Kerry Shawn Keys

Life and Selected Works

© Kerry Shawn Keys 1972 to date, Selected Works, lyric and epic poetry, English and translations, hosted by Gregory Name, LFA.

© Gregory Tallas 2021, Kerry Shawn Keys, Vilnius

Kerry Shawn Keys

The fountain of Kerry Shawn Keys’ poetry is in the Appalachian Mountains, urban America, India, Brazil and Lithuania, but the roots go worldwide. From 1998 to 2000, he taught translation theory and creative composition as a Fulbright Associate Professor at Vilnius University. He has dozens of books to his credit.

His work ranges from under-mountain vagrant-pastoral and urban-salvage to theatre-dance pieces to flamenco to children’s books to meditations on the Tao Te Ching to a polyphonic epic poem, composed from his South India journals. He has performed and recorded with the free jazz percussionist and sound-constellation artist, Vladimir Tarasov (CD-Prior Records), and quarterbacked the jazz Nada Quartet.

CC BY-NC-ND 3.0, Ivan Ilic, Brouillards, prelude by Claude Debussy, Musopen.

Recent books are Black Ice, May 2020, Black Spruce Press; Fetišas (The Fetish), poems, translated into Lithuanian by Dominykas Norkūnas, Asociacija Slinktys, series Bazilisko ambasada, 2020; Night Flight, poems, 2012; Pienas, prose tales and plays, 2013; Sich einen Fluss verschaffen, bilingual English/German poems, tr. by Ron Winkler, Hochroth Verlag, 2017; New Poetry from China, 1917-2017, co-transl. with Ming Di, 2018; Shoelaces for Chagall, bilingual English/German selection of love poems, Bübül Verlag, 2021.

Keys received the Robert H. Winner Memorial Award from the Poetry Society of America in 1992, and in 2005 a National Endowment For The Arts Literature Fellowship. He was a Senior Fulbright Research grantee for African-Brazilian studies, and is a member of the Lithuanian Writers Union and PEN. He received a Translation Laureate Award from the Lithuanian Writers Union in 2003.

He authored a bi-monthly column, Letter From Vilnius: Eastern/Central Europe and Excursions Elsewhere for Poetry International, San Diego State University. He also translates from Portuguese. He is the Republic of Užupis’ World Poetry Ambassador, and Chevalier of the Order of the Silver Garlic Bullet of the Republic of Užupis.

His papers are kept at Dickinson College, Archive and Special Collections, here. Contact: kerrykeys@yahoo.com


© Gregory Name 2019, Sunshine on Ferns, Petersfield

Selected Poems

Tonight It Seems There Are Angels

Tonight it seems there are angels
swimming in the sparkling lake, not fish.
It’s hard to tell from so far away.
But those are wings for sure, fanning
tears of water inland, all over creation.

There’s a woman standing on the shore,
wondering should she join them, drown.
A cunning grass snake slithers in the reeds,
a broken off wing rippling in an eddy
has grabbed its ever-curious attention.

The waters of the Earth are dark indigo
at times, and at times skyblue and gray.
Are these angels fallen angels playing
with her sorrow and her joy, or are they
just visiting her, standing there alone.

She hears them and imagines they are sirens,
and foretastes the choral call to join in.
Moonlight dyes her face white as rice paper.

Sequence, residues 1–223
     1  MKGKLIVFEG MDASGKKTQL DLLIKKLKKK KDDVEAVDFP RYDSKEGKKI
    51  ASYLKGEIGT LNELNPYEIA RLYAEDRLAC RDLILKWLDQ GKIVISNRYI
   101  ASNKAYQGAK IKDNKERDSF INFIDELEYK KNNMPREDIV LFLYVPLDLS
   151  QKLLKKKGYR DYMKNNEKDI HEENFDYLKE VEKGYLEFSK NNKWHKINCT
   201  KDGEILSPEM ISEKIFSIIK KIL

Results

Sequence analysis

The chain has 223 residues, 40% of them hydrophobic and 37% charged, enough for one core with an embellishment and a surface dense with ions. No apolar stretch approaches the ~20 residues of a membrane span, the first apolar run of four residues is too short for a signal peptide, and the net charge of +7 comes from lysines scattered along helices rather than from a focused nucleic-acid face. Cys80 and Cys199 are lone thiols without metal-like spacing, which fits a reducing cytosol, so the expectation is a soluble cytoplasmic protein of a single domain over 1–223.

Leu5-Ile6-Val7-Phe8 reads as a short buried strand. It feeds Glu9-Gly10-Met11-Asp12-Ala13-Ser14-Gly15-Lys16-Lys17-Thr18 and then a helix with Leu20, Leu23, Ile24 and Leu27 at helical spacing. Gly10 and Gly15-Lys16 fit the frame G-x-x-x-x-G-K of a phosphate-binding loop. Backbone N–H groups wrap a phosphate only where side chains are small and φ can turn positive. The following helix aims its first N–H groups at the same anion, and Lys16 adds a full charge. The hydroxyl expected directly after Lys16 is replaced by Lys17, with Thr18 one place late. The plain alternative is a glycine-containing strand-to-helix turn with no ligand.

The candle she is carrying flickers yellow over
the lilies of her dress. No one knows the rest.

Land Escape #1
© James Penedos, Land Escape #1, oil on linen

The Prop

Not half-gone enough yet
to ponder too deeply
if those around me
are already dead or unhatched,
or if they are my memory of them
or they circle among the living.

Even if I reached out to touch
a mist of breath or flesh,
what satisfaction would it give
if all of the above questions
I could ask of myself.

Meanwhile, my disaffected son,
best man in waiting,
plays with the curtains in the room,
the light and the dark,
drawing them open, drawing them shut,

For the time being,
he remains the mainstay
of my life in this poem, my prop.

© Monika Furmana 2017, Mama, 20 x 25, mixed technique on canvas

© The Nada Quartet 2012, live concert, Piano LT Concert Hall, Vilnius

How it Goes

As my daughter plays the pianoforte, upright on the stool,
I sit on the staircase and listen, glancing momentarily
at a raven outside the window perched on a smoking chimney cap.
Nocturnes, the brilliance of a suite by Bach, Handel, Chopin,
with concentrated verve, sometimes approaching klezmer-appassionato,
her willowy, slender fingers rapt over the keys and pouncing,
her catlike gaze captured by the crinkled sheet music before her
or her third eye shifting at ease within the composition’s aura,
her reflection gleams like a ghost in the maple-wood of the Riga panel,
while her ear must be amazed by the notes her hands know by heart.
Still, I wonder if her fledgling heartbeat is really in it and I wonder
why I disquietly wonder as I wander back in time to the out of tune
piano exiled and dimly lit in my childhood’s dining room, where
my untaught father on rare occasion, maybe twice a year,
would timidly peck out a simple melody by ear and then turn
to me in my awestruck adoration, and, smiling, say “that’s how it goes
I think”, and now I know that’s how life goes on from suckling joy
to fretful discipline and then perhaps one sudden day to joy again.

© Vytautas Valius 2019, D8Y9559

My Daughter

She curtsies and waltzes with the sandman,
as moonlight sails through the curtains
streaming down on blue coverlet and pillow.

She stretches her willowy arms in the morning
and her fingers caress and set fire to the sun
before she rides the rail down to the kitchen.

Soon, when she hums to school up the hill,
the leaves of the linden will whistle at her
as they flutter in the harsh wind and remember

that before there was Autumn there was Summer,
and before Summer, Spring, and birds busy feeding
in their branches, bringing insects to their nestlings.